I understand darkness–been there, done that. It is a self-fulfilling prophecy, a positive feedback of negativity. It can easily turn into despair, which is paralyzing, and it sounds as if you may already be there.
I am not disputing any of the ghastly things you see. I see them all, and there is very little you and I together can do to banish them. I turn away from them and LOOK for things people are doing that push us collectively in the other direction, and for opportunities to help or create my own.
In order to see them one has to actively LOOK for them, even to see the ones that are in plain sight. Here are three:
McKibben’s 350.org is one of the largest activist movements of all time. I don’t know how many people contribute and participate worldwide, but it exists in virtually every country on the planet, nearly 200 of them. It was solely responsible for the campaign to convince large institutions to sell their holdings of financial paper (stocks and bonds) issued by the fossil fuel industries. Even the Rockefeller organizations are disposing of their interests in those industries!
The neoliberal “Trans-Pacific Partnership,” which would have greatly enhanced the already obscene power of corporations worldwide, was stopped not by T-Rump but by an enormous public campaign that lasted several years. Participants included not only just about every progressive organization on the planet (Public Citizen and its many affiliates, EFF, all organized labor–I have lists with hundreds of organizations that were involved), but also tiny grass-roots groups of academics, politicos, honest economists, and just interested parties. Building on that background, it should not be too hard to stop NAFTA 2.0, which of course incorporates most of the evils of TPP.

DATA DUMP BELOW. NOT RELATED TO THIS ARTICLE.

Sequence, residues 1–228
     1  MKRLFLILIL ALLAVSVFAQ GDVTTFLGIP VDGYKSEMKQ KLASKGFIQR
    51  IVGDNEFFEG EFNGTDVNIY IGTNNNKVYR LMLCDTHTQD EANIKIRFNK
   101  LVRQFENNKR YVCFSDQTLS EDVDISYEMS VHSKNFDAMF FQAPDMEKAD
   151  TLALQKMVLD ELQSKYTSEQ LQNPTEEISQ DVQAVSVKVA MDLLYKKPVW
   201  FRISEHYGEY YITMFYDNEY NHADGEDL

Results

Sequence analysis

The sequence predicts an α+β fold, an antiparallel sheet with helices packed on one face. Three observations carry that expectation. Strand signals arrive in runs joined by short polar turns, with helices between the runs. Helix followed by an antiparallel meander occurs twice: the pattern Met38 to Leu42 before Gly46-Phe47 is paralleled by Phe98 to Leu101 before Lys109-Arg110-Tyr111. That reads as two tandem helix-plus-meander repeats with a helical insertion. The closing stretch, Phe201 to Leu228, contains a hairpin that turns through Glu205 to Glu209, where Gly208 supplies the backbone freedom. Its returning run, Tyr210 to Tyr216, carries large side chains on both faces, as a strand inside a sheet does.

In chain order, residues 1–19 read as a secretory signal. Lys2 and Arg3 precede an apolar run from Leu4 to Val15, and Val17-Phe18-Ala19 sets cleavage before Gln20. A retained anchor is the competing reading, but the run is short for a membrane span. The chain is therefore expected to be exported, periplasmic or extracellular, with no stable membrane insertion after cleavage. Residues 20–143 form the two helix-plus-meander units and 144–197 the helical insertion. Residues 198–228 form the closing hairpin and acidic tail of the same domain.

Greenpeace has devised creative ways to slow and sometimes thwart completely many egregiously destructive corporate adventures for nearly 50 years, most of them destructive of the environment on which all life depends. They have done so against powerful and well organized interests that have sought to put them put of business, including the bombing of their first ship on direct orders from President Mitterrand of France! That is just the tip of a very large iceberg, and says nothing of the organization’s educational activities.
4 (bonus). Here is a very small one that I’m sure you have never heard of: Walk Out, Walk On, a small but growing movement (the book was published in 2011) that began in an effort to address the school dropout problem worldwide but quickly applied the principle to dead-end situations of other kinds. Here’s another: Slow Food, a community approach to funding for “Slow Food” (yet another movement, now approaching 30 years).
To say that these organizations have not eliminated their opposition is to miss the point: Evil will never be eliminated, and the doo-doo in which we stand would be much deeper today were it not for just these three groups. Without the thousands of others, we probably would not be having this conversation at all.
But in order even to look to see more of that bigger picture, one must somehow drag oneself up from the depths of despair. This comment began by acknowledging the truth of the discouraging and dispiriting events that are the subjects of many of the articles on this and other web sites with similar missions.
Unfortunately I cannot provide you with a magic key to help you to rise above all that. Personally I like Kierkegaard, even though I consider myself an atheist. He refers to despair as “The sickness unto death” (from the story of Lazarus), at mind-numbingly repetitions length, but his definition of despair is worth noting. I also recommend the comments toward the bottom of the page on the article, “Confluence of Trump’s Climate Villainy . . .,” to which you also contributed. I think that particular quote from Einstein is simplistic (not everything he said was brilliant!), but the one from Pratchett, which I had not heard, IS brilliant, and fundamental, the reason I added an earlier one to the same effect. Baba Ram Dass’s “Be Here Now” is in that same vein.